Up until the very last days of the Third Reich the officially designated successor to Adolf Hitler as the Führer of Germany was Reichsmarschall Hermann Wilhelm Göring (this rank – created specifically for him – gave him seniority over all officers in Germany’s armed forces).
President of the Reichstag, Minister President of Prussia, Reichsstatthalter of Prussia, Supreme Commander of the Luftwaffe, Reich Plenipotentiary of the Four Year Plan, Reichsminister of Aviation, Reichsminister of Forestry, etc., etc.
After the infamous “Göring Telegram”, Hitler fired him from all official posts – including the official successor to the Führer (in the event of the latter’s death). However, he still had to appoint an official successor, because by that time Adolf Hitler already made a decision (for a number of very serious reasons) to commit suicide.
Hitler wanted to remain for eternity (or at least for a very long time) as the only Führer of Germany so he reversed his own decision taken 11 years earlier, did away with the position of The Leader and split it into original two – the Reich President and the Reich Chancellor.
In his Last Will and Testament signed on April 29th, 1945 (less than 24 hours before taking his own life), Hitler appointed Grand Admiral Karl Dönitz President of Germany, Minister of War and Supreme Commander of the Armed Forces and Joseph Goebbels (Reich Plenipotentiary for Total War, Reichsminister of Public Enlightenment and Propaganda, Gauleiter of Berlin, etc., etc.) as Reich Chancellor.
However, just two days later Goebbels (for whom life under any regime other than National Socialism and under any leader but Hitler was unacceptable) committed suicide, taking all his family (including all six of his children with him).
And thus made Dönitz the de-facto Führer of Germany (Lutz Graf Schwerin von Krosigk politely declined an offer to become the Reichskanzler of a new government, accepted only the somewhat vague position of “Leading Minister”.
However, Karl Dönitz was not really a successor to Adolf Hitler. He was not a Führer of Germany – and not even its President. Dönitz was essentially a funeral director who presided over only one thing – the burial of the Third Reich.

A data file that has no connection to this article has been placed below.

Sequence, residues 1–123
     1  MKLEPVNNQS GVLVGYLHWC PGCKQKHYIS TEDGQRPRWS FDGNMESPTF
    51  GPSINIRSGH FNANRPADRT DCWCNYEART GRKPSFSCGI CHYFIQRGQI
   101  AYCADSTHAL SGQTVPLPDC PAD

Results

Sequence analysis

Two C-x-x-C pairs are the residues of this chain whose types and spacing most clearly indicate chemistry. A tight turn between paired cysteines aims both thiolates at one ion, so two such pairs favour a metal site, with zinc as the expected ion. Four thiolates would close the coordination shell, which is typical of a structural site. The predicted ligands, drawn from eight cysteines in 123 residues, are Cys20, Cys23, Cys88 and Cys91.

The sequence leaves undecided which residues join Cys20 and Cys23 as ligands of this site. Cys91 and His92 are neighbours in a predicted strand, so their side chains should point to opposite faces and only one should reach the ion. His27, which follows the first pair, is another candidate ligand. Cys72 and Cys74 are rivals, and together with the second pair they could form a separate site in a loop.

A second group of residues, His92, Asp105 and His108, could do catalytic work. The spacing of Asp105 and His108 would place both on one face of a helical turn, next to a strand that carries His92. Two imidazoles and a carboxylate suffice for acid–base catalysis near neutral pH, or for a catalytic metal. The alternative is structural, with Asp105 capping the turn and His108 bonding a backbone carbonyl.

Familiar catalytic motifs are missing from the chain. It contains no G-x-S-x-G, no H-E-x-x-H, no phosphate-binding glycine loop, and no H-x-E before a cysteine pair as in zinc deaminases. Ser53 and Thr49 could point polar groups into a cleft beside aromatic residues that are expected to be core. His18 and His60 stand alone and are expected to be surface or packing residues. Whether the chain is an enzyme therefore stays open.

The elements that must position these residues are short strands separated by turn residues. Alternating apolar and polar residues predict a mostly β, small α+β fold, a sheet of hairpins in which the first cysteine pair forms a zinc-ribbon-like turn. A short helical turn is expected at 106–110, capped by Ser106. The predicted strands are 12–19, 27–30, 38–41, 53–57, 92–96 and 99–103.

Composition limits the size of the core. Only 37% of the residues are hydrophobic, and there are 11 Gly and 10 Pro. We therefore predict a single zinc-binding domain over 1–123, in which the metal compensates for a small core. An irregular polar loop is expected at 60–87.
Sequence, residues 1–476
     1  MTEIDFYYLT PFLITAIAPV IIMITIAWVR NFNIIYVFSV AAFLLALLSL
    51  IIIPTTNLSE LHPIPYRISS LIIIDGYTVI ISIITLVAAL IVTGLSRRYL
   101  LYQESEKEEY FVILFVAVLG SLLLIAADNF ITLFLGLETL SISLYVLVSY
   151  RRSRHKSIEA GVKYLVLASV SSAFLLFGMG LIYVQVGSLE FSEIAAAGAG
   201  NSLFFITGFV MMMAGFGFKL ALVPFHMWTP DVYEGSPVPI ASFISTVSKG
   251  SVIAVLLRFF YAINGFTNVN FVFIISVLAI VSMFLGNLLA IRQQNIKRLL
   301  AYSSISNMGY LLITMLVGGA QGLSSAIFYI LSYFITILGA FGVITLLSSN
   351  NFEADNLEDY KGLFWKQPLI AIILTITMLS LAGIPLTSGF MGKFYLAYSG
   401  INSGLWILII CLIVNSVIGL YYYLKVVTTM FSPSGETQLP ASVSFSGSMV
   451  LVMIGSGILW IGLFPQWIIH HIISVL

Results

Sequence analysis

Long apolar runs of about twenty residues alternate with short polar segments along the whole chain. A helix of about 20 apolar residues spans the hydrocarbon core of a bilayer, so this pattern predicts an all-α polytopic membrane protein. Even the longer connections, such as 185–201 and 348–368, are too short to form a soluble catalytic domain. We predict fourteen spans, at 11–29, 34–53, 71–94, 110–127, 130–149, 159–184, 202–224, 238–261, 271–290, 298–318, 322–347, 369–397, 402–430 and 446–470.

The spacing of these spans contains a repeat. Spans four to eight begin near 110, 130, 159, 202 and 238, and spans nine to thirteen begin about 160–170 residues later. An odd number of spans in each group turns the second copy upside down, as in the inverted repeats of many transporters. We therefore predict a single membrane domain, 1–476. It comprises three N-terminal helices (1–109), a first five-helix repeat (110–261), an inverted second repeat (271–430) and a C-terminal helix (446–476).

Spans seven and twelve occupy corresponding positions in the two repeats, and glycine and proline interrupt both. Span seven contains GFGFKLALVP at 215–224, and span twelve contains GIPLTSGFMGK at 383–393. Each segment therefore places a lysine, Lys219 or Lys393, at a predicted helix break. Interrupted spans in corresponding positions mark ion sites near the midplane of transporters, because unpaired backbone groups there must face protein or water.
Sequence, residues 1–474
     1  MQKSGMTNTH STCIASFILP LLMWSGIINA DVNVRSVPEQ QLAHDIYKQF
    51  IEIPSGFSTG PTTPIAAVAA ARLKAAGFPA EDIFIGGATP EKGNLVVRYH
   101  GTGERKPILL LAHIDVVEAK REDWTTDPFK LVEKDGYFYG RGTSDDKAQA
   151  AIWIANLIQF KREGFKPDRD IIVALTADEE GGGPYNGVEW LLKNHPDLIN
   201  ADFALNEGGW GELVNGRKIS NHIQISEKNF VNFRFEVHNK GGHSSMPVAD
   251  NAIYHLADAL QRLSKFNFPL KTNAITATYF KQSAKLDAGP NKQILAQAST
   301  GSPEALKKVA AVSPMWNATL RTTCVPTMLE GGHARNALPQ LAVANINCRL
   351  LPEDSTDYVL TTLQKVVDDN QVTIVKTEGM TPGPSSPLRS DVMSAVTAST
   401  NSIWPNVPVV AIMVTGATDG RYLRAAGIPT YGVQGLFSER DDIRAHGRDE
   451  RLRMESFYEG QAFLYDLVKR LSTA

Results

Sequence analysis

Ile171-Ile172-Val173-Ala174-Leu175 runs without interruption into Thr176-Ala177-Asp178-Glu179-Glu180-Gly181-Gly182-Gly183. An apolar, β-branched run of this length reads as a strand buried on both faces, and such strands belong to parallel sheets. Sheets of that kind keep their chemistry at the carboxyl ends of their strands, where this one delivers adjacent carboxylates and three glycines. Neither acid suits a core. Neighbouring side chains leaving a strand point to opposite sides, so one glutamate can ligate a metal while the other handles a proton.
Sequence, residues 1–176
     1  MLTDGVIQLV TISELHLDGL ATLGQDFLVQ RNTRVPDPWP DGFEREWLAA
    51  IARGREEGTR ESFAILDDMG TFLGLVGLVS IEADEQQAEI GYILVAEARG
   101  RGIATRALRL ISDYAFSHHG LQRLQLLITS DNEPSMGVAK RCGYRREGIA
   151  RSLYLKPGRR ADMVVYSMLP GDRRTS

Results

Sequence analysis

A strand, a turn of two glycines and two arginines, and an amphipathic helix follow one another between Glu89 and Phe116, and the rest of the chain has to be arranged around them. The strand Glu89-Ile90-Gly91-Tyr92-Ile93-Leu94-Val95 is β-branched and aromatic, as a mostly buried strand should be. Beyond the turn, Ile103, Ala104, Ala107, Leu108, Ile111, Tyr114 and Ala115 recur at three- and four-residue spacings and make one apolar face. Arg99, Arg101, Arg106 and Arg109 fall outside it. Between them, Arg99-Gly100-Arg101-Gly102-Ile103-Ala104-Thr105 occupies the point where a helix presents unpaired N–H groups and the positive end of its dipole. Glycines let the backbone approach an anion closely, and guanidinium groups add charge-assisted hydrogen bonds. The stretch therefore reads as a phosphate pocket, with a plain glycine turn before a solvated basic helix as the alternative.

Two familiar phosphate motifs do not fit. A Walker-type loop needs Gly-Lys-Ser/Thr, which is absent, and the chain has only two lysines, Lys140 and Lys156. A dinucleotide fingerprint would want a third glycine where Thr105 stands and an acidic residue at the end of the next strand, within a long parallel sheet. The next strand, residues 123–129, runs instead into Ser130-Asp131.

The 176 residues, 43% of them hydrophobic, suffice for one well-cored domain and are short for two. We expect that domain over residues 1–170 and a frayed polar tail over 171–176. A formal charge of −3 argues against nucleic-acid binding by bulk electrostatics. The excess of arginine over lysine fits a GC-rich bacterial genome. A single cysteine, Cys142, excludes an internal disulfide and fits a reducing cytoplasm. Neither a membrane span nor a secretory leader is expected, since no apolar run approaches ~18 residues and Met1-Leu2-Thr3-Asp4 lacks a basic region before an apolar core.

However, Adolf Hitler did have a successor. A self-appointed successor, sure – and the one who was just days ago branded a traitor by Hitler himself.
SS-Reichsfuhrer (no one took seriously Hitler’s order that fired Himmler and replaced him in this position with the all but unknown Karl Hanke) Heinrich Luitpold Himmler.
Contrary to the practically universal misconception, the Third Reich did not die with the unconditional surrender of Germany on May 7th, 1945. Or even with the arrest of the “Flensburg Government” on May 23rd, 1945 (interestingly enough, on the date of the alleged suicide of Heinrich Himmler).
No, the Third Reich simply went underground – but as a financial and political, not military, organization. As ODESSA (Die Neue SS), not Werwolf – with Heinrich Himmler as its Führer.
Himmler cleverly designed and brilliantly executed the escape plan – not just for himself, but for the whole Third Reich. He accumulated and subsequently transferred abroad (and to not just neutral nations) enormous amounts of money and other valuables (in tens if not hundreds billions of dollars in today’s prices).
He created the underground organization (Die Neue SS) that took control of this money and used it to make a very much material contribution of the post-war “German economic miracle”.
He deceived everyone with a genuinely brilliant performance, making friends and foes alike (except those who needed to know the truth, of course) believe that he was dead thus making himself free to pursue his grandiose objective of creating the Fourth Reich – the SS-Staat.
And this is how he did it.